International investment governance and achieving a just zero-carbon future

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CCSI | November 2022

International investment governance and achieving a just zero-carbon future


The Intergovernmental Panel on Climate Change (IPCC) has estimated that the world has
less than 30 years to fully decarbonize the global economy and avoid catastrophic and
irreversible climate change.1 Global decarbonization will require tremendous effort and will
have implications for each individual country. As part of the Paris Agreement, states have
committed to limiting global warming to 1.5°C compared to pre-industrial levels. The
International Energy Agency (IEA) has supported the conclusion that the world must achieve
net-zero greenhouse gas emissions by 2050, with significant advances by 2030, to have a
chance of reaching this goal.2

To realize a zero-carbon future, 80% of all remaining fossil fuel assets must remain in the
ground,3 and according to the IEA, no new gas or oil fields should be approved, nor should
any new coal mines be developed.4 A rapid phase-out of fossil fuel energy must occur—little
or no fossil fuel energy infrastructure can be built, and much of the existing infrastructure
may need to prematurely retire.

The shipping and transportation sectors—from air travel and cargo shipping to public
transportation systems in cities around the globe—must also be rapidly decarbonized.
Energy effic ienc y standards for automobiles, buildings, and applianc es will need to
tighten. Other c ontributors to industrial emissions, such as the produc tion and
refinement of crucial substances and materials such as cement, steel, and fertilizer must
also be reduced or replaced.5

At the same time that the vast majority of fossil fuel reserves must be left in the ground and
existing infrastructure retired, trillions of dollars will need to be invested for the world to scale

up access to affordable renewable energy.6 The zero-carbon energy transition will require
an unprecedented mobilization of financial resources towards investment in renewable
energy generation, transmission, distribution, and storage; retrofitting of existing
infrastructure; the development of new technologies; and carbon capture as needed.
The Paris Agreement acknowledges the need to Investment will be needed to “expand
infrastructure and upgrade technology for supplying modern and sustainable energy
services for all in developing countries, in particular least developed countries, small
island developing States and landlocked developing countries.”7 Fortunately,
many developing countries have tremendous renewable energy potential, particularly in
wind, solar, geothermal, and hydro power.8 Many also have the minerals necessary to
produce renewable energy technology—minerals which the rest of the world will
depend upon.9

Many regions depend on fossil fuel extraction for revenue as well, and the majority of fossil
fuel assets that must be stranded to achieve climate commitments are located within their
borders. For example, nine countries in Africa are represented in the top 40 countries with
the highest share of GDP coming from oil and gas revenues—dependence ranges from
12% to 81% of government revenues over a three year period.10 Lower income oil-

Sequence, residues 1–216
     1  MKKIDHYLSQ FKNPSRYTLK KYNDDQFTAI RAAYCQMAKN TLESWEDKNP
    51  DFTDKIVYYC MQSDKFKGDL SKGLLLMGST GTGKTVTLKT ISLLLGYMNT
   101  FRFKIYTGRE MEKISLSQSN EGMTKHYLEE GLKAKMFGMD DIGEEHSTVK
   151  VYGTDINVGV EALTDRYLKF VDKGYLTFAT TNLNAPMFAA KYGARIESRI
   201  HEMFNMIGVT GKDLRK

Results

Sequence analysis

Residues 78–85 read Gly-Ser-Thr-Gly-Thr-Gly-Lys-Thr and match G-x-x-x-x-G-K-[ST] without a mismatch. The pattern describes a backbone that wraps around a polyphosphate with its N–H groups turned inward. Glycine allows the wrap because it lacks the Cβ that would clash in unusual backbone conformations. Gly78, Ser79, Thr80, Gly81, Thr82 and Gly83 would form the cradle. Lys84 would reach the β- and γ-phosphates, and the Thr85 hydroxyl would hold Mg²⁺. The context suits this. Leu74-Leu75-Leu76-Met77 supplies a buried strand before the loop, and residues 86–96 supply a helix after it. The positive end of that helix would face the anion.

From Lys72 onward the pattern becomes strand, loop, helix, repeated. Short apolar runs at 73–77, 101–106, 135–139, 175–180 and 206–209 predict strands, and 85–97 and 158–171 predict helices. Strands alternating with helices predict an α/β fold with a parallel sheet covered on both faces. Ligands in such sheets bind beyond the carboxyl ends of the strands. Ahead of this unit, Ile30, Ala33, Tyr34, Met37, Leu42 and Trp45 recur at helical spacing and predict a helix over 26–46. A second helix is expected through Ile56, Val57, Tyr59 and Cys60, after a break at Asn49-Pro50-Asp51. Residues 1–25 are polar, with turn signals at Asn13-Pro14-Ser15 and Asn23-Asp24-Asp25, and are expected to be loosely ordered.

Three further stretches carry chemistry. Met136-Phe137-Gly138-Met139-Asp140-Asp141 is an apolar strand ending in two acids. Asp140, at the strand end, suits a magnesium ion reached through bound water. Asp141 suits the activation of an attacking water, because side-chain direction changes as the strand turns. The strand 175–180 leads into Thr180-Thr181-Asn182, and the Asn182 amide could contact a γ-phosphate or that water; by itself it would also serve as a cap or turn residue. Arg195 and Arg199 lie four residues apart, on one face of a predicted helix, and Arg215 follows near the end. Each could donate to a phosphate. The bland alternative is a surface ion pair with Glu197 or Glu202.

producing countries will be hit especially hard as oil prices decrease, since the cost of
production will not be globally competitive as demand decreases.

Although they have contributed least to historic emissions, developing countries will be
the most impacted by climate change and the energy transition. Developing and emerging
economies in Africa, Asia, and the Americas are the most vulnerable to the physical and
financial impacts of climate change. They have the lowest levels of electrification and
the highest dependency on fossil fuels for energy. According to the most recent IPCC
report, at least 3.5 billion people live in places that already desperately need to adapt to
the impacts of climate change; the report estimates that developing countries alone will
require USD 127 billion per year for adaptation costs.12

It is crucial that these countries receive the foreign direct investment (FDI) and financial
support required to mitigate and adapt to climate change and to address climate-related
impacts and damages.13 The financing gap in developing countries is compounded by
poor sovereign risk ratings, due to ill-designed rating systems.14

Until recently, international investment law and policy has been largely overlooked
by negotiators at international climate change convenings such as the Conference of
the Parties (COPs) to the United Nations Framework Convention on Climate Change
(UNFCCC), despite the important role it plays in either advancing or undermining efforts
to address climate change.

The most recent IPCC report recognizes that while investment treaties have the potential
to play a role in advancing necessary investments, the treaties as drafted risk delaying
or preventing necessary climate action.15 As recognized by the IPCC report, investor
protections granted through international investment law allow fossil fuel corporations,
other high-emitting investors, and their shareholders to sue governments over actions
and regulations—including those taken to comply with climate commitments—that
negatively impact their investments’ bottom lines.

However, a wholly new international investment regime designed with climate and other
global goals in mind could be used as a tool to accelerate the investments needed to
address the climate crisis and to facilitate international cooperation to achieve global
climate and other development goals

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source: CCSI